Wind - Photovoltaics hybrid systems

Many people have begun to power their house with renewable energy and why wouldn't you? It's a great idea! There are a few options in what type of renewable energy you might have attached to your roof. The most popular of which are solar photovoltaics and small scale wind turbines. Solar photovoltaics generate electricity by collecting photons (little packets of light energy) and converting their energy into electricity specifically through the use of light responsive materials. The wind turbines used domestically can scale all the way from a small drag type wind turbine used as an anemometer (a device for measuring wind speed) mounted on the roof of a house all the way to a semi-industrial 50kW wind turbine, think of a large scale offshore wind turbine and scale it down a bit, that sits at the end of your garden. TESUP turbines are a happy medium between the two rated from 800 to 5000 Watts of power.

Photovoltaics (PV)

Photovoltaics (PV) are great for powering your house, particularly with falling prices and rising efficiencies. With new advances in materials science when applied to photovoltaics, the efficiency (how much of the sunlight energy is converted into useful, electrical energy) of solar panels is increasing, particularly in the more expensive, industrial scale turbines. More importantly for consumers is the recent improvements to the manufacturing of photovoltaic material which has drastically brought down cost over the years. Combine this with the increased efficiency of these solar panels and you have a recipe for a good deal of localised power generation.

But what about on an overcast day? You ask. There won’t be enough sunlight to power my house properly! You say. Well this is where hybrid energy systems come in! By diversifying the energy systems you use to generate electricity you can benefit from all sorts of weather conditions, avoiding excessive downtime and improving the consistency of power generation.It would therefore be a good idea to diversify your power generation, as what usually happens when the sun goes away? It starts being windy of course! Investing in a wind turbine would be a good way to help make sure you always have power generation available.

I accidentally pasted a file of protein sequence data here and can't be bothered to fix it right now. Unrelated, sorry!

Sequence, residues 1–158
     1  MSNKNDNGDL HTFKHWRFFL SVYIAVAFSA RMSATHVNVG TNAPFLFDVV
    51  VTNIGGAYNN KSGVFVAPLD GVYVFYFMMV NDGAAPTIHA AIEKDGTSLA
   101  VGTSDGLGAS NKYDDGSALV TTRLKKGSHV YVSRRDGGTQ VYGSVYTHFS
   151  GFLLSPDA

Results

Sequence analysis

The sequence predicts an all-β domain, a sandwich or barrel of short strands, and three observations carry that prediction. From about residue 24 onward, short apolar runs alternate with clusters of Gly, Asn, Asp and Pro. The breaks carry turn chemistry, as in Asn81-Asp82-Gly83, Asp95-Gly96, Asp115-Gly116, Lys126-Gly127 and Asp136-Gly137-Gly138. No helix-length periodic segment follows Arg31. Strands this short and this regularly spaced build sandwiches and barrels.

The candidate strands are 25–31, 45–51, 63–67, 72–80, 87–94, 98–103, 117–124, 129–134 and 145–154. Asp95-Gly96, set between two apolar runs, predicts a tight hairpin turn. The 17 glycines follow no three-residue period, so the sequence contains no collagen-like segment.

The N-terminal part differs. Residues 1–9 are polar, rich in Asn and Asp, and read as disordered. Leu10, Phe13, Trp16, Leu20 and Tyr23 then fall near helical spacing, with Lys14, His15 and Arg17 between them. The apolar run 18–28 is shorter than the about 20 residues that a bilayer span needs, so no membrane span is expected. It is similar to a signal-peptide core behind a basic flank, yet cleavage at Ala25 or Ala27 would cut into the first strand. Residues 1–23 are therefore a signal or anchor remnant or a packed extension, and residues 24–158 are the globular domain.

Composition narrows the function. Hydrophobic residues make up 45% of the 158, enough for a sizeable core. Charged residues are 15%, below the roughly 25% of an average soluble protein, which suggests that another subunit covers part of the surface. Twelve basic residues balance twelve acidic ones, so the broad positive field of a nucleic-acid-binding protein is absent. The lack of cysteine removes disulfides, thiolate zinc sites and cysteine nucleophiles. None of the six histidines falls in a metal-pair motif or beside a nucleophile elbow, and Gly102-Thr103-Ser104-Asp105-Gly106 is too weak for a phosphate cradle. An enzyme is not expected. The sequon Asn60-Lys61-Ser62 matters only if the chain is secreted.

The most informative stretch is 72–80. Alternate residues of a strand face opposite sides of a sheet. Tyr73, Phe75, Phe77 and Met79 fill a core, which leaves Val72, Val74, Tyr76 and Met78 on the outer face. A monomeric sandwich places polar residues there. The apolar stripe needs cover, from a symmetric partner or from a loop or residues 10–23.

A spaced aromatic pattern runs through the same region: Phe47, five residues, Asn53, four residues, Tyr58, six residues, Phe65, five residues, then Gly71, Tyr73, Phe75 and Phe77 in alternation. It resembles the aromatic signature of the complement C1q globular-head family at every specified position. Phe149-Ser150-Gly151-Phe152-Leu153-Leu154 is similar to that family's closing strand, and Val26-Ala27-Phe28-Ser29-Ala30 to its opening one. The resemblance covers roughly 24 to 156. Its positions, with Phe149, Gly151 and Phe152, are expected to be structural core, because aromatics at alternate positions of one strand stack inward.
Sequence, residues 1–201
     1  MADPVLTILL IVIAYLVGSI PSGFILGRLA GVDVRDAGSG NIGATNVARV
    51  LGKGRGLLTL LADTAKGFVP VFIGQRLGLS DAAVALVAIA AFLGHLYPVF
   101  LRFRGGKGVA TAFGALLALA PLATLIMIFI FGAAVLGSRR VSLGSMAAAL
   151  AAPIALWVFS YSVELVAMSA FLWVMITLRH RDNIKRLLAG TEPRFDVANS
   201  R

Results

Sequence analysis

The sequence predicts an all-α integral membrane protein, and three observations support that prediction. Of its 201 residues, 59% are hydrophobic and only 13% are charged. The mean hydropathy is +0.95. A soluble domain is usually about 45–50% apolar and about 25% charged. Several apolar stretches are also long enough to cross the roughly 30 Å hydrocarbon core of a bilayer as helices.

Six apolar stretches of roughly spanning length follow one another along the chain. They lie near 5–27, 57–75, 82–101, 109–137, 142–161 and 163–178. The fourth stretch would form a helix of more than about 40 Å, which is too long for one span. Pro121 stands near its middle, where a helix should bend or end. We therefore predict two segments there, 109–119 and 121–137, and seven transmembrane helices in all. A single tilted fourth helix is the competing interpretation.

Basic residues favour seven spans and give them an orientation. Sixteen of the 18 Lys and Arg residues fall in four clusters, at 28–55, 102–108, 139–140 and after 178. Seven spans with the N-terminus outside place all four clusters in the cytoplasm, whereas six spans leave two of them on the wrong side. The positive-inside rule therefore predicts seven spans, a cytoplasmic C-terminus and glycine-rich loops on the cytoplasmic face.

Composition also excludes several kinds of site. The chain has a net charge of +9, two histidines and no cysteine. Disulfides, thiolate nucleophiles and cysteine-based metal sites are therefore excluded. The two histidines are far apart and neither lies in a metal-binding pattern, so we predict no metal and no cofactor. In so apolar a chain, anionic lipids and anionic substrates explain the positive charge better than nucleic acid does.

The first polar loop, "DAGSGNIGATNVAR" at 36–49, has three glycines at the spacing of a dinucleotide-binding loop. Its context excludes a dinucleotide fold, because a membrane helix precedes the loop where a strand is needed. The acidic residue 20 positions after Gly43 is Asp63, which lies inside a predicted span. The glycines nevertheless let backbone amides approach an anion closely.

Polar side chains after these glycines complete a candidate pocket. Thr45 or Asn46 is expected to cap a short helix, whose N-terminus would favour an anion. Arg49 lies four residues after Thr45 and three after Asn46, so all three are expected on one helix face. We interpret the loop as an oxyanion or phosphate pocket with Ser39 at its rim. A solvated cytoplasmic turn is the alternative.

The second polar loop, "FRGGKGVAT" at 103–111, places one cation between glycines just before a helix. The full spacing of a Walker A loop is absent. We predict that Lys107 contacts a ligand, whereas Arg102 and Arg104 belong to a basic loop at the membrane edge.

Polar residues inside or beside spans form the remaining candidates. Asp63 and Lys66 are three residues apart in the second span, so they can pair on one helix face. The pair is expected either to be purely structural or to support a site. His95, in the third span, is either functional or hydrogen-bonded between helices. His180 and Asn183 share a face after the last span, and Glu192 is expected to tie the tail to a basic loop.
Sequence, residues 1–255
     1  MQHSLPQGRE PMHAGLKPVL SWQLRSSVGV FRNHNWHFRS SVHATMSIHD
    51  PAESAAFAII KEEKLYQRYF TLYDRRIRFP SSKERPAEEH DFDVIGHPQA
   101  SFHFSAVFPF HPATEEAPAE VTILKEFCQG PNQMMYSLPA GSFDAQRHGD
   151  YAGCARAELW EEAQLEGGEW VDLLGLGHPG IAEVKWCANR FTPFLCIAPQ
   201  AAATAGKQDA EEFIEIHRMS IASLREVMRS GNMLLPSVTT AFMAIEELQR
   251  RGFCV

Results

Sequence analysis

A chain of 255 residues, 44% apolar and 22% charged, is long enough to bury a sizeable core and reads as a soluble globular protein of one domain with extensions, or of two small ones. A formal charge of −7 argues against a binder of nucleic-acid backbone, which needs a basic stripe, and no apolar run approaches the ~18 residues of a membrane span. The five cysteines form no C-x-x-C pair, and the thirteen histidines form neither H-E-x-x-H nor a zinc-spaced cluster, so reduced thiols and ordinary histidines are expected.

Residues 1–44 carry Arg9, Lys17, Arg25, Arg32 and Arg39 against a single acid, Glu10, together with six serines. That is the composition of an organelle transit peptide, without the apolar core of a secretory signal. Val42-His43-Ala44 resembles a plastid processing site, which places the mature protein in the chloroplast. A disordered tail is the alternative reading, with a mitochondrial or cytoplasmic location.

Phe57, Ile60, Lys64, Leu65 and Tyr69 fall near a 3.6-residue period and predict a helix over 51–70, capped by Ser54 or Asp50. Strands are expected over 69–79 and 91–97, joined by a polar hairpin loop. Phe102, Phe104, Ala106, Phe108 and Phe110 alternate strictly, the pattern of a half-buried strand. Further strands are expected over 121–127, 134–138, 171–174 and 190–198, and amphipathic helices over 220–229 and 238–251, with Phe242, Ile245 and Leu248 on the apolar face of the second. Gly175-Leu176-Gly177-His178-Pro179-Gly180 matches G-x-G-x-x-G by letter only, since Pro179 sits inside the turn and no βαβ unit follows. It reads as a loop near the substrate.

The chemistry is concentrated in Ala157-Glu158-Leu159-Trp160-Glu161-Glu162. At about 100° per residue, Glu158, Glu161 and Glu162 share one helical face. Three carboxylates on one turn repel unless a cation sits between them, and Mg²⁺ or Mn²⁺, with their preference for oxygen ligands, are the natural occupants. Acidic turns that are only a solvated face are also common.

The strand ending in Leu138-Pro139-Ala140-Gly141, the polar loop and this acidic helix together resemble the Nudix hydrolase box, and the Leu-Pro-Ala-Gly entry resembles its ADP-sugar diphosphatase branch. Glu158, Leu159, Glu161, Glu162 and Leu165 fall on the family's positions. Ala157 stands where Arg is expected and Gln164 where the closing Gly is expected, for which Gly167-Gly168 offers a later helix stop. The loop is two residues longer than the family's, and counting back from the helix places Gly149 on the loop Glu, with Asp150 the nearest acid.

CCC? Common Charge Controllers of course!

In a lot of domestically applied PV systems, as long as you know what you are doing (i.e. have electrician qualifications / experience in the industry) , a wind turbine can be easily integrated into your domestic power system with a minimal amount of extra hardware, allowing an easy transition from a PV only system to a hybrid system! PV systems, when connected to an external electrical load (set up to charge a battery for example) require a charge controller to ensure the correct voltage is applied to the system, ensuring the safety and reliability of the electrical components.
Luckily for aspiring hybrid systems owners, wind turbines and photovoltaic systems use a similar charge controller setup! How great! Although PV systems produce DC power (voltage stays constant) and wind turbines produce 3-phase electricity (voltage oscillates slightly), when the PV generated electricity is passed through the charge controller it is converted to 3-phase!
If you are interested in what TESUP has to offer for charge controllers look no further!